Anyone with a marketing background (or who has taken a marketing course) should be familiar with the Coke-Pepsi taste test. I’m a rabid Diet Coke drinker myself, and loudly proclaim my dislike of Pepsi. When presented with the two drinks sans packaging, I can identify them about 50% of the time. The shape of the packaging affects the perception of the product.
So then with search engines. Seth Godin points out an informal study suggesting that, in a blind test, MSN, Yahoo and Google are pretty much even.
Just as everywhere else, a lot of perception is bound up in the branding. Some of this is legacy: when Google first came out, it really was the best search engine out there. Google’s success made the space competitive again, and the other vendors have had years to catch up. In many ways, Google is still coasting on a period of technical superiority that ended at least two years ago–showing how valuable such a lead can be, and how adroit management of consumer perceptions can extend its value.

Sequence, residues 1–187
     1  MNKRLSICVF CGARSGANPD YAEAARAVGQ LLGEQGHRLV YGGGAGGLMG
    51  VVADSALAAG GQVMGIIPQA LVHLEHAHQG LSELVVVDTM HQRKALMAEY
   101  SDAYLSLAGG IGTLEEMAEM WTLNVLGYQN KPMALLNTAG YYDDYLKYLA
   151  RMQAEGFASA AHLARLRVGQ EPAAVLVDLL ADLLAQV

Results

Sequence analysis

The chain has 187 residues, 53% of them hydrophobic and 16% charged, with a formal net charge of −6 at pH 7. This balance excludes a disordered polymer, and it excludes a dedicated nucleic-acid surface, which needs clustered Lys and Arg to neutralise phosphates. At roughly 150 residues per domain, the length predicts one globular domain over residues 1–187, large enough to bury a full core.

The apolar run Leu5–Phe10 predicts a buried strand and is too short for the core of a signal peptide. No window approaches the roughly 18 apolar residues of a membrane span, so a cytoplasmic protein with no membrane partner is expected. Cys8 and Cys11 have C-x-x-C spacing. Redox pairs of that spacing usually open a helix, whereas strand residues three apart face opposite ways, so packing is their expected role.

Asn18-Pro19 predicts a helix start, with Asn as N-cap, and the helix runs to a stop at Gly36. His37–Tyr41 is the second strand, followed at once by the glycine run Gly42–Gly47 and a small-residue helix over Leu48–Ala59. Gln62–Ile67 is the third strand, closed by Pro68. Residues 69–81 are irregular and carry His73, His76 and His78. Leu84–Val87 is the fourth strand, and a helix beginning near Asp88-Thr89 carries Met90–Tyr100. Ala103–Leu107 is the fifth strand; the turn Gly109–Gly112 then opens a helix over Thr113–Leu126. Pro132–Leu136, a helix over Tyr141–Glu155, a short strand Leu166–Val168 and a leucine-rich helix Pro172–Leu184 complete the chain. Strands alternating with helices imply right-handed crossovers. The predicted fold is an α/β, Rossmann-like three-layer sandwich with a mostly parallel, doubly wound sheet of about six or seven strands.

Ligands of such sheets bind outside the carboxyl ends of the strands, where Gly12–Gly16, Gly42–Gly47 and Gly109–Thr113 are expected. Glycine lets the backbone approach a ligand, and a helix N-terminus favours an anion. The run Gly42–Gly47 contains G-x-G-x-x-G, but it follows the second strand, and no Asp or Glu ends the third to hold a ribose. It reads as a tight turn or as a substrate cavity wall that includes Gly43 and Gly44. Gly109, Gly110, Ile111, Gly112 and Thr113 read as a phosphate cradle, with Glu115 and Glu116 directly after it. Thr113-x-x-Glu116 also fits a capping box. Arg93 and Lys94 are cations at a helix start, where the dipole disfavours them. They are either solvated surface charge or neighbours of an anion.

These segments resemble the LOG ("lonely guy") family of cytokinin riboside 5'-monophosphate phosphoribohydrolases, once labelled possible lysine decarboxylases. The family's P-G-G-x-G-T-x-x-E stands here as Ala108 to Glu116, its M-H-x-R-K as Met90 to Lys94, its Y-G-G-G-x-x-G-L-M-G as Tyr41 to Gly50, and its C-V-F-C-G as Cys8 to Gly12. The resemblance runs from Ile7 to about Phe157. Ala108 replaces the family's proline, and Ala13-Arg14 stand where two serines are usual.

Maybe this is why Google’s hiring practices focus so much on a visible intellectual elite. A company hiring all those PhDs must be using them for something.
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